Hermitage was once part of the Massif Central, but when the river changed its course, it was cut off from Tournon. This small region (± 1356 hectares), spread across the municipalities of Tain-l’Hermitage, Crozes-Hermitage and Larnage, owes its reputation to the unique terroir of the southern slopes in particular. The best red wines come from western side of the hill, from the original Massif terroir. Blessards (granite-rich), Le Méal (chalk and stones) and l’Hermite. The most eastern slopes in Murets and Dionniers, where the soil contains more clay, produce mostly white Hermitage. The vineyards are largely owned by three leading négociants (Chapoutier, Jaboulet and Delas). The signs on the slopes proclaiming their ownership stand in stark contrast to the old Chapelle Saint Christophe, which looms over the vineyards.
The red wines (70% of the production), often of 100% syrah, are very aromatic (violets, black currants, spices), rich in tannin, and have significant aging potential. If they are blended with marsanne and/or roussanne (a maximum of 15% is allowed) they can often be drunk already at young age. The white Hermitage is usually based on marsanne, sometimes blended with roussanne. These sophisticated wines become more complex as they age, developing rich floral (lime-tree blossom, daffodils, iris, almond blossom) and fruit associations (peach, apricot), a slight fattiness, and a pleasantly bitter aftertaste. A vin de paille composed of 100% marsanne is also produced under the AOC Hermitage, but it is rare and very little of it is sold.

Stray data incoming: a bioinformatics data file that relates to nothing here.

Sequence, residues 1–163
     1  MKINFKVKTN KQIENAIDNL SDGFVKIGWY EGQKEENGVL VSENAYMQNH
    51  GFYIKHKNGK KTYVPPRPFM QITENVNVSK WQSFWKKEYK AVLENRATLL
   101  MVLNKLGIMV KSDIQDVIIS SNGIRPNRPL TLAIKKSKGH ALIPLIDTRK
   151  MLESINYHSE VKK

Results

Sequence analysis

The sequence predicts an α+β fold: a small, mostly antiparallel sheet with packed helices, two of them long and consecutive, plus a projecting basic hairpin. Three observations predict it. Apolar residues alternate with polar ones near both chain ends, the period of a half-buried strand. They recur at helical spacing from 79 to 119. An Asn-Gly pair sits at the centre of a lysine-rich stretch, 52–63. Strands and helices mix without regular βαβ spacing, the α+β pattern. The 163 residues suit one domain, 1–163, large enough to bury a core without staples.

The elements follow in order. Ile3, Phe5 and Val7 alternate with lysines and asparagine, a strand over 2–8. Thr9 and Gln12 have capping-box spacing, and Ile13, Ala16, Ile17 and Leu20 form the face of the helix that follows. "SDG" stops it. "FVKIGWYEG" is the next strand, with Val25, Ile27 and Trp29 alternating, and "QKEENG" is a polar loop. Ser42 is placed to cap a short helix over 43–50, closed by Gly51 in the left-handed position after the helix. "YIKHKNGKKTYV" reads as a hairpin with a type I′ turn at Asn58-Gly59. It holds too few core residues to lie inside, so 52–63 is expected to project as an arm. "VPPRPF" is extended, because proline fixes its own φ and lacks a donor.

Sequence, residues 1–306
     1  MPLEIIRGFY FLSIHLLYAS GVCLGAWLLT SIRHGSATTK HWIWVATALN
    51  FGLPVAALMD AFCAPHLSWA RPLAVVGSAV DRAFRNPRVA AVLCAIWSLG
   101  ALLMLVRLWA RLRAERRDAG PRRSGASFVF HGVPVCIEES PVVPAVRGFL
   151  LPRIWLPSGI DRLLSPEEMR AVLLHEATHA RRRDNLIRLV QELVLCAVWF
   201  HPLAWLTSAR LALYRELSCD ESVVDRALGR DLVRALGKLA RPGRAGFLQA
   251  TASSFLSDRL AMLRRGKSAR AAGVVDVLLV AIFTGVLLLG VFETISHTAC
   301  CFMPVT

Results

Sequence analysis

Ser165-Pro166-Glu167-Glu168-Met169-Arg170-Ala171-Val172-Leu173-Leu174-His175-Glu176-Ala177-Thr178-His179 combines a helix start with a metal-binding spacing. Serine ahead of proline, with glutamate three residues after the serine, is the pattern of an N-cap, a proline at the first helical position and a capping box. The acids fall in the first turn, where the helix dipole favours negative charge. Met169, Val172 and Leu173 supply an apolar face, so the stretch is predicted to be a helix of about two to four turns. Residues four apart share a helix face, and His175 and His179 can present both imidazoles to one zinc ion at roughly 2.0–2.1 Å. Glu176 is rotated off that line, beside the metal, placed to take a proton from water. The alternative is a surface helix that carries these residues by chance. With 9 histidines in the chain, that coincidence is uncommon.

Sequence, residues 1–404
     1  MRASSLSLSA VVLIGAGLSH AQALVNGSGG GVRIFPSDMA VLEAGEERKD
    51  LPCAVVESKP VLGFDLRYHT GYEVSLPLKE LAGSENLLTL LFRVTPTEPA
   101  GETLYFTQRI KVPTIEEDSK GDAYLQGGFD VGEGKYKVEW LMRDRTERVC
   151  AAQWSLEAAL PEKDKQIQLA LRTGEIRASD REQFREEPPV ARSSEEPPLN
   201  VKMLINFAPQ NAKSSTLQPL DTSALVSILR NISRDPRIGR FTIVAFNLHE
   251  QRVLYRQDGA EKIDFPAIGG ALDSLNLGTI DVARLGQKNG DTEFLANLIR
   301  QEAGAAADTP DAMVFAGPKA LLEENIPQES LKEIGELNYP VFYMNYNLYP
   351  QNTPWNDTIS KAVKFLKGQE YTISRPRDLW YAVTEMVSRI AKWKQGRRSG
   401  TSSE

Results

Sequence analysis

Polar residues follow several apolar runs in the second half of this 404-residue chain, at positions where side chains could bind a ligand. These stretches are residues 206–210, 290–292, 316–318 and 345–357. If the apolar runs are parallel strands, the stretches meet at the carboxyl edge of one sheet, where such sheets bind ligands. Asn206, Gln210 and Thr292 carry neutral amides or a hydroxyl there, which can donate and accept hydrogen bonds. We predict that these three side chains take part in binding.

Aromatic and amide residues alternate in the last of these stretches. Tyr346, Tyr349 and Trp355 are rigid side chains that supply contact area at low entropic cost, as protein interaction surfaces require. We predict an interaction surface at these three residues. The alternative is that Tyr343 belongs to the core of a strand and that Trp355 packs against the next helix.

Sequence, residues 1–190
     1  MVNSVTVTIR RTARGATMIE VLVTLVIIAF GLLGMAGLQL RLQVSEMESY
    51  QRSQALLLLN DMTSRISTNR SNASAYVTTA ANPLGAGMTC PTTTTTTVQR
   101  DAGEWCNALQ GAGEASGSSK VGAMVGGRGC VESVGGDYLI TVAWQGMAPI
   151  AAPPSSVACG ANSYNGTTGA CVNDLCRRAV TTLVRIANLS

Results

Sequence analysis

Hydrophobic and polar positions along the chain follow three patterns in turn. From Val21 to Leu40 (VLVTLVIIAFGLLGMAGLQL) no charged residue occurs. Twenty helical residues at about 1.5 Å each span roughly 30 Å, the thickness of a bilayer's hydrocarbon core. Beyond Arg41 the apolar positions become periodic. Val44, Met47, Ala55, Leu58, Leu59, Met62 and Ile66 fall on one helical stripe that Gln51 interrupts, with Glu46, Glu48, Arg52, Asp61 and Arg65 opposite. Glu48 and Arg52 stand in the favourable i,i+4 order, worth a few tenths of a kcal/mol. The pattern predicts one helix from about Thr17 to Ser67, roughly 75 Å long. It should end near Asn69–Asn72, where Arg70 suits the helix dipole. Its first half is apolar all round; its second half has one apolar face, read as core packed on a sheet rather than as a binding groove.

In good years, both the white and red Hermitage benefit from ripening between five and ten years in the bottle, and the true aging potential is often only evident after several decades. Wines produced in exceptional vintage can age for up to forty years! For those who can afford them, the Hermitage wines offer an unequalled and sensational tasting experience.